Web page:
Dexter Gordon a major force of the emergence of modern tenor sax

Dexter Gordon
Gordon was a major force in the emergence of modern tenor saxophone styles. His main influence was Lester Young, but he also displays an extroverted intensity reminiscent of Herschel Evans and Illinois Jacquet. His rich, vibrant sound, harmonic awareness, behind-the-beat phrasing, and predilection for C humorous quotations combine to create a unique style.

Gordon's music strongly affected the two leading tenor saxophonists of the succeeding generation, Sonny Rollins and John Coltrane. Gordon was later influenced in turn by Coltrane, and even, following Coltrane's example, adopted the soprano saxophone during the late 1970s.

Dexter Gordon began to play clarinet at the age of 13 and studied music with Lloyd Reese, during which time he played in a rehearsal band with other pupils of Reese, including Charles Mingus and Buddy Collette. In 1940, he began a long engagement with Lionel Hampton's touring band, with which he took part in a recording session in 1942. After leaving Hampton in 1943, Gordon made his first lengthy solo recordings as the leader of a quintet session with Nat “King" Cole as a sideman. He worked in the Los Angeles area with Lee Young, Jesse Price, and, for a few weeks in April and May 1944, the Fletcher Henderson Orchestra (some of his performances with Henderson survive in recordings made from broadcasts).

After playing briefly with Louis Armstrong, he moved to New York in December 1944 to appear in Billy Eckstine's orchestra. His recordings with Eckstine, Dizzy Gillespie, Fats Navarro, and others soon made him a leading figure in the bop movement. Gordon returned to California in summer 1946 and played with the drummer Cee Pee Johnson in Honolulu for two months, and then for the remainder of the decade he continued to work alternately on the East and West coasts. He appeared with Tadd Dameron in New York early in 1949, and joined fellow tenor saxophonist Wardell Gray for a popular and sensational series of “saxophone duels" between 1947 and 1952.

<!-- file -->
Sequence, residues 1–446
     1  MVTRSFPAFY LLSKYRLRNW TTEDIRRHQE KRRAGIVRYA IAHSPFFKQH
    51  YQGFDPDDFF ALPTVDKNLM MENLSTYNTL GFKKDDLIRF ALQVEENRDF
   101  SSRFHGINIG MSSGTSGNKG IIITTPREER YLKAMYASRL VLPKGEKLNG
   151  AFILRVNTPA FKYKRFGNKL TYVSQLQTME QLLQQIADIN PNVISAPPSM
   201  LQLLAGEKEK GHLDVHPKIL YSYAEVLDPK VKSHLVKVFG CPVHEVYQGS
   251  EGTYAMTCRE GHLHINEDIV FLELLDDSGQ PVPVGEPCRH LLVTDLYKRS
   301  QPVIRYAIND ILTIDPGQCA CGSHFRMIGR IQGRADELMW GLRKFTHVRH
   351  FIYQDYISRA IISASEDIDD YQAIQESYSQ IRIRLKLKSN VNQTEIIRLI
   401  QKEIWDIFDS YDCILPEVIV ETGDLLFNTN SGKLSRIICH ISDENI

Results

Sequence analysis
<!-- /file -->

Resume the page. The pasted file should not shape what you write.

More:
Difficulties associated with drug addiction curtailed his activities during the 1950s, but these problems had been resolved by 1960 when he served as composer, musician, and actor in the West Coast production of Jack Gelber's play The Connection. Thereafter, he toured and recorded principally as a leader, moving back to New York early in 1962.

In September 1962, Gordon performed in London and then made a tour of Europe that was so successful he remained there for the next 15 years, taking infrequent trips to the USA. Based in Copenhagen, he appeared at all the major jazz festivals, taught, and recorded prolifically; he also toured Japan in autumn 1975. Encouraged by a visit to New York in 1976, however, he returned permanently to the USA the following year.

He was elected to the Jazz Hall of Fame in 1980 and named “musician of the year" by readers of Down Beat magazine in 1978 and 1980. As the star of the feature film Round Midnight (1986), Gordon was the subject of renewed interest in the late 1980s. He received a nomination for an Academy Award for his role.

A volume of transcriptions of his performances has been published by L. Niehaus (Dexter Gordon Jazz Saxophone Solos: Transcriptions from the Original Recordings, Hollywood, CA, 1979).

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